Changes in global histone acetylation pattern in somatic cell nuclei after their transfer into oocytes at different stages of maturation

MOLECULAR REPRODUCTION & DEVELOPMENT, Issue 3 2008
Helena Fulka
Abstract In our study, we have examined the pattern of global histone modification changes in somatic cell nuclei after their transfer into mouse oocytes at different stages of maturation or after their parthenogenetic activation. While germinal vesicle (GV) staged immature oocytes are strongly labeled with anti-acetylated histone H3 and H4 antibodies, the signal is absent in both metaphase I and metaphase II oocytes (MI, MII). In contrast, the oocytes of all maturation stages show a presence of trimethylated H3/K4 in their chromatin. When somatic cells were fused to intact or enucleated GV oocytes, both the GV and the somatic cell nucleus showed a very strong signal for all the antibodies used. On the other hand, when somatic cells nuclei that are AcH3 and AcH4 positive before fusion are introduced into either intact or enucleated MI or MII oocytes, their acetylation signal decreased rapidly and was totally absent after a prolonged culture. This was not the case when anti-trimethyl H3/K4 antibody was used. The somatic cell chromatin showed only a slight decrease in the intensity of labeling after its transfer into MI or MII oocytes. This decrease was, however, evident only after a prolonged culture. These results suggest not only a relatively higher stability of the methylation modification but also some difference between the oocyte and somatic chromatin. The ability to deacetylate the chromatin of transferred somatic nuclei disappears rapidly after the oocyte activation. Our results indicate that at least some reprogramming activity appears in the oocyte cytoplasm almost immediately after GV breakdown (GVBD), and that this activity rapidly disappears after the oocyte activation. Mol. Reprod. Dev. 75: 556,564, 2008. 2007 Wiley-Liss, Inc. [source]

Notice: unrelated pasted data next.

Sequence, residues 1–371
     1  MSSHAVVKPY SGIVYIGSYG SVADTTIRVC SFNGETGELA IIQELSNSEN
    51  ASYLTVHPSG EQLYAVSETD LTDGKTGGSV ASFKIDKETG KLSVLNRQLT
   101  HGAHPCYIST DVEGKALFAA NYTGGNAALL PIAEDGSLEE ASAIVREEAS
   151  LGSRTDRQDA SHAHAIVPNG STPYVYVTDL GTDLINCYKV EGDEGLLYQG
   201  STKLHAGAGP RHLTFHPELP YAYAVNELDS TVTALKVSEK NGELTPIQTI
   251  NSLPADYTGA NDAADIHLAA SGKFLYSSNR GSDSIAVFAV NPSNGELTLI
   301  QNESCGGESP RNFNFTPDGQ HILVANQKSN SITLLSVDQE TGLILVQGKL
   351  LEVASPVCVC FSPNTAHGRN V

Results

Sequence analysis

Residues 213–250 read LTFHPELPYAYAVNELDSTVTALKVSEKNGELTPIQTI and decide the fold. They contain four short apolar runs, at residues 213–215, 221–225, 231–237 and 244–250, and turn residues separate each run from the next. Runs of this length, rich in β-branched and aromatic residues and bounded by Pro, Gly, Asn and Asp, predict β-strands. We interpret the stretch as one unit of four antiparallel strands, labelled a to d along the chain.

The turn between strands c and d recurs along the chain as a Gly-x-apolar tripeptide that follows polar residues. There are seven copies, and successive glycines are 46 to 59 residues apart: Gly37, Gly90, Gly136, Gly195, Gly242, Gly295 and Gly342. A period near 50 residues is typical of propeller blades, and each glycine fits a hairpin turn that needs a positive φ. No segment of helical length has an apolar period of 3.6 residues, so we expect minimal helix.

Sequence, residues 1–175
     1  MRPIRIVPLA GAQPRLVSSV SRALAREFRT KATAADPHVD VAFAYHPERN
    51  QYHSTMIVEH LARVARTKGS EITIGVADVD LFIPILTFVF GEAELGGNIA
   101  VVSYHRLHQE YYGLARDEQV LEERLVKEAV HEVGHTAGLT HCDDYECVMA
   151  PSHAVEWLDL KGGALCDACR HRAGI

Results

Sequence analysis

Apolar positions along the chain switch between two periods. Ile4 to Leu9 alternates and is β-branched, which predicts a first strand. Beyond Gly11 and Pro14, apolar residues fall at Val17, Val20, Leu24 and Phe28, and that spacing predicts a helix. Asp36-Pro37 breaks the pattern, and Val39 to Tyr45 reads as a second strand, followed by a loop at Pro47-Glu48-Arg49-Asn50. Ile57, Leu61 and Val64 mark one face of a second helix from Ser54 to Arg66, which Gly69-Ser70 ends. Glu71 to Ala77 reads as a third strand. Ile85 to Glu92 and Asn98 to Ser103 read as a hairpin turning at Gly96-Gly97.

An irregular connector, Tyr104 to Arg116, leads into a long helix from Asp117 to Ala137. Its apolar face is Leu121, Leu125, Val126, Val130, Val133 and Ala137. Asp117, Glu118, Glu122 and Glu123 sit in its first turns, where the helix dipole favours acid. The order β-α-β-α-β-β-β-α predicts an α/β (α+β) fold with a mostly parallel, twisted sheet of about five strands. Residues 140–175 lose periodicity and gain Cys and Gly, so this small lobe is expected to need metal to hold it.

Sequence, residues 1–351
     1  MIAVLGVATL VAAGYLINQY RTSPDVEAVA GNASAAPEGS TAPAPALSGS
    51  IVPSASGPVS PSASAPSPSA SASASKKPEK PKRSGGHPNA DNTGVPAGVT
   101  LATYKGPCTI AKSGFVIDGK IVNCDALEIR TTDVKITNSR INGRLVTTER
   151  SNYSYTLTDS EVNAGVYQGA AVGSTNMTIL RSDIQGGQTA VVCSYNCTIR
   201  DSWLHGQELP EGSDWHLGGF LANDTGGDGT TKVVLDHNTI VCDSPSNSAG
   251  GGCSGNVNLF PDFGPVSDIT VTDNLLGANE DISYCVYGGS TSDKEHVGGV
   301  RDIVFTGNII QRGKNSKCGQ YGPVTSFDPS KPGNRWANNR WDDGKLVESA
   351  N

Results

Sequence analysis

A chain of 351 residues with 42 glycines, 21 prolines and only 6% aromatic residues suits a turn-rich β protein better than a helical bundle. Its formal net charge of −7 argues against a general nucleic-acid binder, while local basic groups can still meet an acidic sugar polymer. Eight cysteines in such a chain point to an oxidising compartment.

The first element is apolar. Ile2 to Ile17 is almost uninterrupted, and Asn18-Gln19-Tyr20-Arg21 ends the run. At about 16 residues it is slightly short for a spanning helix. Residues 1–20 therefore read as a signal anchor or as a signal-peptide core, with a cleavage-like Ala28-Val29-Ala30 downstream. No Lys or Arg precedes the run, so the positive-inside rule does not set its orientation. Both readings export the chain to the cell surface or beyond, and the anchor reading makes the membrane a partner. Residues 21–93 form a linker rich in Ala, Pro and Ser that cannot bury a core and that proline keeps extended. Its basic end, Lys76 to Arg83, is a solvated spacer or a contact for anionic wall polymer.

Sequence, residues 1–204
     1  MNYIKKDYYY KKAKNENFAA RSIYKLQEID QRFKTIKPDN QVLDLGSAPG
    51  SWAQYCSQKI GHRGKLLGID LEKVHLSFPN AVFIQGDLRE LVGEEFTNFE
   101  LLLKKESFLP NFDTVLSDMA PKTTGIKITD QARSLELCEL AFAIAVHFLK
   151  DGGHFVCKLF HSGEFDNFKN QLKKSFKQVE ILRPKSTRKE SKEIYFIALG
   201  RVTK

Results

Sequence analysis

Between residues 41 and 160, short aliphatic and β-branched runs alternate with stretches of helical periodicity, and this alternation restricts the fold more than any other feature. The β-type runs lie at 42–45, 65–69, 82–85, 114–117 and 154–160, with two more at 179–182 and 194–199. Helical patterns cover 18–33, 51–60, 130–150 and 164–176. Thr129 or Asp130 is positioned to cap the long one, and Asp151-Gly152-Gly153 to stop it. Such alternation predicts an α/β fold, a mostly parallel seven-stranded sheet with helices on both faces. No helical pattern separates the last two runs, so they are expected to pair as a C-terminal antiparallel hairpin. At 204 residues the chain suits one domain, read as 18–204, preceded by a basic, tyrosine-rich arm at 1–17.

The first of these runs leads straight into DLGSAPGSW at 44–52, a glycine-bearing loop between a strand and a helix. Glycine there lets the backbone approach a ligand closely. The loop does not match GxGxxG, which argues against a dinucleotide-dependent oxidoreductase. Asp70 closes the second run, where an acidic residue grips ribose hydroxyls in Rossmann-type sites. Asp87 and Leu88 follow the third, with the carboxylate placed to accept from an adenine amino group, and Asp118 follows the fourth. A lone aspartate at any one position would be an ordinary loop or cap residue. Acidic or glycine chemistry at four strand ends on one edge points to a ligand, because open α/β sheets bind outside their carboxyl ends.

Power Doppler sonography of the kidney: Effect of Valsalva's maneuver

JOURNAL OF CLINICAL ULTRASOUND, Issue 7 2001
Ryuichi Takano MD
Abstract Purpose It has been reported that an intra-abdominal pressure (IAP) above 15 mm Hg may cause oliguria and that an IAP above 25 mm Hg may cause anuria. Because Valsalva's maneuver yields an IAP exceeding 180 mm Hg, it is presumed to affect renal perfusion. We evaluated the ability of power Doppler sonography to depict the changes in renal blood flow during Valsalva's maneuver. Methods Seven healthy men aged 21,24 years and 1 50-year-old man with massive ascites participated in the study. With each healthy subject lying in a supine position, longitudinal power Doppler sonograms of the kidney were obtained and analyzed semiquantitatively during Valsalva's maneuver. Also, in the patient with massive ascites, power Doppler sonography was performed before and after paracentesis. Results Along with an increase in IAP, monitored as expiratory pressure during Valsalva's maneuver, power Doppler signals decreased as indicated by both visual impression and computer scores. In the patient with massive ascites, signal intensity increased after paracentesis. Conclusions Our results demonstrated that an increase in IAP within the physiologic range affects renal perfusion and that power Doppler sonography depicts semiquantitatively the change in renal blood flow. 2001 John Wiley & Sons, Inc. J Clin Ultra- 29:384,388, 2001. [source]